A Push for Balanced Drug Policy Is Transforming Pain Relief in India
By Naomi Burke-Shyne
How do you care for a patient in pain? It’s a deceptively complicated question—one that garners vastly different responses depending on where you are in the world. In some places, pain is poorly understood, and medicines to relieve pain are unavailable or stigmatized.
Dr. M.R. Rajagopal is the founder and chairman of Pallium India, a palliative care organization emphasizing compassionate care and working to ensure patients are offered adequate treatment for their pain. Dr. Rajagopal has dedicated decades to ensuring quality of life for his patients and is a committed advocate for better access to controlled medicines—particularly morphine, an affordable and effective, yet highly stigmatized, treatment.
In 80 percent of the world, political, regulatory, and social barriers—often related to the UN’s International Drug Control Conventions—mean that patients do not receive medication for pain relief. “This is a global issue,” Dr. Rajagopal says. “It really hurts in developing countries.”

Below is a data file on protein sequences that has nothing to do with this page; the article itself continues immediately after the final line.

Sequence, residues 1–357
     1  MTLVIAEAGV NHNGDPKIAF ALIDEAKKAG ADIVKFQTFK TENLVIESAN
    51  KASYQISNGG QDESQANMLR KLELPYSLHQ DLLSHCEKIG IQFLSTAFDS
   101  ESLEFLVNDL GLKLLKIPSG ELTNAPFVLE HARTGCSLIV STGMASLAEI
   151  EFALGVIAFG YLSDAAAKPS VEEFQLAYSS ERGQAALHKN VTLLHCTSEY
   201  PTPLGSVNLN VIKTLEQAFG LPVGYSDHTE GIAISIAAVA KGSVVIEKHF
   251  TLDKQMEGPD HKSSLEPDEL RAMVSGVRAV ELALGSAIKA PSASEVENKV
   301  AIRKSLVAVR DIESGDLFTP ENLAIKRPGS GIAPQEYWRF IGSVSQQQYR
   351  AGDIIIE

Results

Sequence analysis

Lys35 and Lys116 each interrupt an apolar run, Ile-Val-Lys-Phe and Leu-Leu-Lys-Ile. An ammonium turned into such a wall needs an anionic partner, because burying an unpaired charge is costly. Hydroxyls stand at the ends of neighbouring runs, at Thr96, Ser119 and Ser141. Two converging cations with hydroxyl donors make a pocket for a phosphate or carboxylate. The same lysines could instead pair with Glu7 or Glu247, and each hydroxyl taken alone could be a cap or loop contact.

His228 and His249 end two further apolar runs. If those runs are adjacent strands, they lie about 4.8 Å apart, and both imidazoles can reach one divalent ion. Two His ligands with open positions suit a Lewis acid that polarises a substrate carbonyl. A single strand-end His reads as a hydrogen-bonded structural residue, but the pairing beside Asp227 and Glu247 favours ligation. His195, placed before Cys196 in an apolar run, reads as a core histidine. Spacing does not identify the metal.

Dr. Rajagopal’s advocacy has contributed to law reform in India—a critical step in reducing needless suffering and allowing millions to access pain relief. He is now working with doctors, nurses, patients, and government officials to implement reforms at the state level. India’s growing leadership in palliative care, and recognition of the need for balanced drug policy, will change the lives of millions.
In April, the UN will meet for the General Assembly Special Session on drugs (UNGASS), a chance to move global drug policies in a more compassionate direction. Dr Rajagopal’s work is an excellent example of the potential of this mindset, and proof that our war on drugs must not needlessly claim more victims.